“Connecting Deaf Dogs with Caring People”
P.O. Box 2345
Woodland, CA 95776
AKC BOD member
D2Care (Deaf Dog Connections, Advocacy, Resources & Education Position Statement: We support the inclusion of deaf dogs into AKC-sponsored Companion Events
We, the Board of Directors of D2Care (www.d2care.org ) have been watching with great interest the discussion concerning deaf dogs being admitted into AKC-sponsored events. We would like to take this opportunity to share our thoughts on this very important topic.
First, by way of introduction, we are the foremost authority on deaf dogs and their capabilities, working very closely with rescues, veterinarians, shelters, breeders, and adoptive parents to further the education of the general public about deaf dogs. We are dedicated to promoting the health, welfare, and quality of life for deaf dogs through outreach, advocacy, education, and support. Collectively, we represent many breeds of dogs that are known to have an increased risk of deafness, such as English Pointers, American Pitbull Terriers, Border Collies, Dalmatians, Australian Shepherds, Bull Terriers, Jack Russell Terriers, Boxers, Great Danes, and Australian Cattle Dogs.
When approached by people who find themselves with a dog that is deaf, one of the very first lessons we provide is that a deaf dog is a dog first, a breed second, a personality third, and deaf last. Essentially, we are educating people that the deafness does not define the dog; rather, the dog is defined by his breed and personality. For example, Dalmatians are not a good fit for every family because of their high energy level and need for exercise. When queried, we will respond “You have a young dog who is a Dalmatian, with all the characteristics attributed to the breed. Your dog has his/her own personality and happens to have ears that function as hood ornaments.”
Currently, the AKC is the only professional canine organization that does not allow deaf dogs into flyball, agility, rally, obedience, and tracking. Other organizations such as the UKC, NADAC, APDT, and K9CPE permit deaf dogs to enter their events, and many deaf dogs have received awards and certificates under their auspices. Most of these venues do not even have a place on the entry form to identify that a dog is deaf or hearing.
We understand that a few arguments have been presented opposing the idea of deaf dogs entering AKC-sponsored events. These include but are not limited to:
“Deaf dogs are more likely to startle and perhaps startle bite.”
In fact, deaf dogs are no more likely to startle than any other dog, hearing or otherwise. Startle is a natural reflex. However, deaf dogs are less likely to startle in events with large crowds due to the inability to hear sudden crowd noises. IF a deaf or hearing dog does startle, a bite is not a guaranteed outcome. There have not been any rigorous, randomized, controlled trials (the highest level of evidence accepted in scientific research), indicating that deaf dogs are more likely to startle and bite. Suggestions have been made that this may be a possibility, however, for every anecdotal statement of a deaf dog that startles and bites, we can find an equal number of anecdotal statements of hearing dogs that startle and bite, or a greater number of stories of deaf dogs that don’t startle and bite. Due to the pervasive belief (emphasized by the Dalmatian Club of America (DCA)) that deaf dogs are capable of a startle and bite, we do teach new owners of deaf dogs to socialize their dog to touch so the dog will wake up or react calmly and uneventfully, regardless of the situation.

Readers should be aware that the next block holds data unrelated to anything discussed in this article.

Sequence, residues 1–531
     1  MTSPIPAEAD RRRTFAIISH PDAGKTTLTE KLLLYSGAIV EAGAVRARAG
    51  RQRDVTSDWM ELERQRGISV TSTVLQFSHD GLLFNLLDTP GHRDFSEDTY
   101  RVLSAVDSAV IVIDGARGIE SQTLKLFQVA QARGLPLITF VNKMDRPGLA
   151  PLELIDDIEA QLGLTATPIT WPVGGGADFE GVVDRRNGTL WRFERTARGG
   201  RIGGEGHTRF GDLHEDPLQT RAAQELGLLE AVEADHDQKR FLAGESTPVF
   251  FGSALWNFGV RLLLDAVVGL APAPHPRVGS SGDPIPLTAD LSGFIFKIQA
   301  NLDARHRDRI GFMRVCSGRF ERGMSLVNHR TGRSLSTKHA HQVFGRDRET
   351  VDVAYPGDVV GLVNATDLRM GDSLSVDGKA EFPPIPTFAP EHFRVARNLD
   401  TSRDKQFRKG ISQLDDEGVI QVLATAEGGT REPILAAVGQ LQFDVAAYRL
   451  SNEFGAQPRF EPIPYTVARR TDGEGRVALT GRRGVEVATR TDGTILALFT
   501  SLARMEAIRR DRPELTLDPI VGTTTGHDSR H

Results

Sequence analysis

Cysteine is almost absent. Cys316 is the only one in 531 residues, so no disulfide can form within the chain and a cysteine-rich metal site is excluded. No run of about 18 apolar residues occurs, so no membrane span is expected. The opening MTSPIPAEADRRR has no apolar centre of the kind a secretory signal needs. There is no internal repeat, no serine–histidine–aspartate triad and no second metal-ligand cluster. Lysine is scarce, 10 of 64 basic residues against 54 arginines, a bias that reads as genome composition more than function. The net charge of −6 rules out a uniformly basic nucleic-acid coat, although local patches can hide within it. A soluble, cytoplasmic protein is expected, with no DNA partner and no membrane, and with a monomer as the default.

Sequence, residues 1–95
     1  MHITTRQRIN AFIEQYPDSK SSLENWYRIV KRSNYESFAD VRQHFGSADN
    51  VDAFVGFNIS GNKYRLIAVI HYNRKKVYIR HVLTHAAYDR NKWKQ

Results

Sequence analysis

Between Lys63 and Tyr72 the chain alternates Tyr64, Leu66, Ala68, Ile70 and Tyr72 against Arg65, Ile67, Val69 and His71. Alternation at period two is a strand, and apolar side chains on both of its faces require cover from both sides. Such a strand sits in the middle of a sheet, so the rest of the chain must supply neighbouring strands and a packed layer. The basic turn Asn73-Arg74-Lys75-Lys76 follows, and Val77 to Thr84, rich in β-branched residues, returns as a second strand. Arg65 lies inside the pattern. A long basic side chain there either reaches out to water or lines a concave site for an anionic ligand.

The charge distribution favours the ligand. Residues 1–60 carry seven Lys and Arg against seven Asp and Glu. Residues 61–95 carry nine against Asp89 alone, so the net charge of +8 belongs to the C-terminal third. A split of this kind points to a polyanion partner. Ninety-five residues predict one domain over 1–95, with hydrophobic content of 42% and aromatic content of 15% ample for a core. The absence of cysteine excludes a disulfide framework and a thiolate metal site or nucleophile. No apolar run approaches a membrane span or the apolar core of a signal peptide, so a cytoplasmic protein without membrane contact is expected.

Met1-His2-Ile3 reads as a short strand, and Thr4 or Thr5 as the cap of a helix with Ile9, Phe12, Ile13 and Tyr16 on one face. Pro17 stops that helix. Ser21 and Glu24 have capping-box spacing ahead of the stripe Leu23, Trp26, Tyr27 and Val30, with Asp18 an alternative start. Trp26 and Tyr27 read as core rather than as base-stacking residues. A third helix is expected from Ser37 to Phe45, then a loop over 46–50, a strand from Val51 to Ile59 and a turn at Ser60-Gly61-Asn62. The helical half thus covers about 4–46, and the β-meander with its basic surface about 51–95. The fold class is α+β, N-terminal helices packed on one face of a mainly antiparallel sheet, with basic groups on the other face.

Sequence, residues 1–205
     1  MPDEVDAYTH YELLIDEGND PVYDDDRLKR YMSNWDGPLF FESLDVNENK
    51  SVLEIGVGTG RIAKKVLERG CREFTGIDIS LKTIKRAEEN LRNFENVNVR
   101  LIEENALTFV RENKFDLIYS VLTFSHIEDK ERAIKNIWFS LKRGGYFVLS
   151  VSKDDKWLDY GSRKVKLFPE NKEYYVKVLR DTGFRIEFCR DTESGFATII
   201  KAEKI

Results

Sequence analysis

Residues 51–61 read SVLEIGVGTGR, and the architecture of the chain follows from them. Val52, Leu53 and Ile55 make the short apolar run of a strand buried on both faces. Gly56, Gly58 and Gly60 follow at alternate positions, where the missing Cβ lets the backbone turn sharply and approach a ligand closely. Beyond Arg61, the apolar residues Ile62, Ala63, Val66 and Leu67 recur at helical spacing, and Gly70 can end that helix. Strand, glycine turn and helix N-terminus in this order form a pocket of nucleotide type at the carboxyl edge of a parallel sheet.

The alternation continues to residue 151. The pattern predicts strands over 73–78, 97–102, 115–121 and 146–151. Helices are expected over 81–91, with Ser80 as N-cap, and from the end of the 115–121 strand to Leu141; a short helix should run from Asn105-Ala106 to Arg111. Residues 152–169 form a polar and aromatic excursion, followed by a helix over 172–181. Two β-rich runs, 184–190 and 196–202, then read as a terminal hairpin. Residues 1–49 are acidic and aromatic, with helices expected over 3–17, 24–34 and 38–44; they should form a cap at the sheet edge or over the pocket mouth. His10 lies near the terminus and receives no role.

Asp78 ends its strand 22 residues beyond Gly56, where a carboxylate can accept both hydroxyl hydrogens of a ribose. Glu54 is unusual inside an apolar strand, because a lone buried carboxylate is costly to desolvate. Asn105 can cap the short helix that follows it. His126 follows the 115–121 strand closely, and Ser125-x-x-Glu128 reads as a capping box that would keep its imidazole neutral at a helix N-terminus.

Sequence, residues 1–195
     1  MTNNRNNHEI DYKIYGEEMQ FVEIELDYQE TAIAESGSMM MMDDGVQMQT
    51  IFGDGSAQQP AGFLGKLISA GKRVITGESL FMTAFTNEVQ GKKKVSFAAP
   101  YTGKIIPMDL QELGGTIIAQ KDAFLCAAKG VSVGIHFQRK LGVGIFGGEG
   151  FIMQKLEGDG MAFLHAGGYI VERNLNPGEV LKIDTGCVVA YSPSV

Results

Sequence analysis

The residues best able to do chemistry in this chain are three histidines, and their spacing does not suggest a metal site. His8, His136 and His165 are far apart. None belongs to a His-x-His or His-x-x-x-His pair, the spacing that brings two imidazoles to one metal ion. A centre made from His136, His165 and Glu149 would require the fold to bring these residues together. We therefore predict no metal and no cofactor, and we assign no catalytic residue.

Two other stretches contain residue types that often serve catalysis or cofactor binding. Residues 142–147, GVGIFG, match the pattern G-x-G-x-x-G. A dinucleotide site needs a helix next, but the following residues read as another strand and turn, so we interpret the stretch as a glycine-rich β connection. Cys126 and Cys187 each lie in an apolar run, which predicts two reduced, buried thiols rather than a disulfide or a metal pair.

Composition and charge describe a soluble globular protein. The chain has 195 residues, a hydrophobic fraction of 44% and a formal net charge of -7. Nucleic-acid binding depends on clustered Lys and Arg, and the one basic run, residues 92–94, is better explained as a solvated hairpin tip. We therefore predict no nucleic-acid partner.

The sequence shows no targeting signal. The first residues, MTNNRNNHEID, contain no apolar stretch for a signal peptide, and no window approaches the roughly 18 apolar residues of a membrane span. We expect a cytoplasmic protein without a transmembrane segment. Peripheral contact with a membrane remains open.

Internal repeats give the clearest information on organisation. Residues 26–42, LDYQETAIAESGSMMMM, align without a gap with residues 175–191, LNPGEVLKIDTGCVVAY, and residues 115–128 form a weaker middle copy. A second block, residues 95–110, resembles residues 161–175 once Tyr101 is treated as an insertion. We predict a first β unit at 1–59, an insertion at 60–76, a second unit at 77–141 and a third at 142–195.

“Difficulty in training”
Deaf dogs are not any more difficult to train for Obedience, Agility, Flyball, or as Search and Rescue dogs since these are activities that rely on sight and smell as much as, if not more than, hearing. Deaf dogs do not require special modifications or accommodations to participate in these events. Most dogs are generally taught hand signals along with speech. In fact, dogs are very visual animals. They rely more on body language than oral language. It is the human that is difficult to train to hand signs, since hearing humans are so attuned to oral language, and not as much to body language. Deaf dogs are much more attuned to “watching” their person and for that reason they often excel in obedience classes.
The AKC is an organization that prides itself on being the authority for the advancement of the welfare of all dogs. Our organization is much smaller, but we pride ourselves in advancing the welfare of dogs that are deaf. We feel that the misperceptions about deaf dogs are prevalent among veterinarians, breed clubs, rescues, shelters, and individuals. Regardless of how these misperceptions originated, we are determined to educate the public to the strengths of deaf dogs and educate on the reality of these misperceptions. As a group, we have found no difference in training or liability with deaf dogs vs. hearing. As a group, we have deaf and hearing dogs, many of whom are simply family pets and others that have achieved many awards and certificates in sports and companion events such as those sponsored by the AKC. We feel strongly that the AKC has an opportunity to step forward and help us further improve the welfare of deaf dogs by allowing them into AKC-sponsored companion events. Such entry can only emphasize what all of us already know: Deaf dogs are no different or more difficult or dangerous to work with than hearing dogs.